B.R. Stateham At The Slaughterhouse: Quick Fire With Smitty

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Smitty3_300x230 photo SmittyThree_300x230_zps81509166.jpgB.R. Stateham has created a resilient and popular character in Smitty. His hit man is a subtle balance of hard and likeable, no mean feat. Stateham’s writing never disappoints, as his latest Smitty tale, There Are No Heroes, shows.

Smitty how would you carry out a hit on a high profile figure and escape detection?

Of course this is a speculative question which has no linkage into reality whatsoever. With that in mind, let me say that the direct approach is out of the question. Too many witnesses, too many unforeseeable factors eliminates this approach. Indirection, even subterfuge, is required. That and large amounts of time needed in researching the target’s peculiarities. Where does he go, what time does he get up, what daily routines does he exhibit. Everyone has a routine in their daily life. Death, many times, comes when one least expects it and never observes it until it is too late.

Tell us about your latest assignment and your connection to a man called B.R. Stateham.

Currently you could say I am between assignments. There was a situation a few weeks back where I had to assist an agent working for an unnamed governmental agency in obtaining a briefcase of confidential information. Fortunately the briefcase was obtained with little fanfare. However my assistance resulted in the necessity of removing myself from the public for a few weeks.BRS_95x58 photo e7f1f31b-baee-4c18-8d1d-84786f81d5cf_zpsda62a954.jpg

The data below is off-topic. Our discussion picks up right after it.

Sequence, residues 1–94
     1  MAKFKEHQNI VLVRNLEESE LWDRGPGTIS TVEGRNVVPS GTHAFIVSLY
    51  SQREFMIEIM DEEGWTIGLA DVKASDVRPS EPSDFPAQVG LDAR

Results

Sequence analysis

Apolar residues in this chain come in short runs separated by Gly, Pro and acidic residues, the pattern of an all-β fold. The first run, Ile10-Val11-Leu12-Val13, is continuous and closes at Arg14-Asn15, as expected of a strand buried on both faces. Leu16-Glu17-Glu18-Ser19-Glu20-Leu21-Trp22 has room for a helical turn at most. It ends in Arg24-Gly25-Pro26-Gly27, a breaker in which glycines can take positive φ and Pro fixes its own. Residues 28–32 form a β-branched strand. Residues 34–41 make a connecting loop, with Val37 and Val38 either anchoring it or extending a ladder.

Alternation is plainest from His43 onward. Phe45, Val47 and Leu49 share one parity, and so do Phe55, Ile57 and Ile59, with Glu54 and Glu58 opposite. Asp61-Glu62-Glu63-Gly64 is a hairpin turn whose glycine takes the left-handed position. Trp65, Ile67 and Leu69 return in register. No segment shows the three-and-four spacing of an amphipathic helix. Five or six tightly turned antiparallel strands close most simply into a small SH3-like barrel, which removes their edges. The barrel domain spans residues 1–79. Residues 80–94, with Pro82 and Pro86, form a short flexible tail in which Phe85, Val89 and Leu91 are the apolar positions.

As to my relationship with B.R. Stateham; let us just say that I am acquainted with the writer and find his lurid, but of course quite fictional, tales of my cases quite entertaining to read.

What is your weapon of choice and have you ever carried out a hit using a fruit or a vegetable?

The choice of weapon depends upon two things: (1) the client’s wishes, and (2) the ability and ease of making a quick retreat from the kill zone.

Sometimes a client will make certain request to ‘send a message’ to the survivors of a hit. A clear and succinct announcement informing others of the client’s intentions. That means sometimes a bomb will be used that explodes with the largest audience present. Or sometimes poison will be used at, say, a dinner party where the quarry dies in a most . . . unusual . . . fashion. Again, with an audience looking on in macabre fascination.

But my preference is a switch-blade. A weapon that makes the hit up close and personal. A death should be up close and personal, don’t you think?

As to the last part of your question; using a fruit or vegetable as a weapon. Once there was a hit where I used a Tangerine to suffocate a particularly nasty racketeer who had an inability to breathe through his nose.

So Smitty what are you up to and tell me about the women in your life.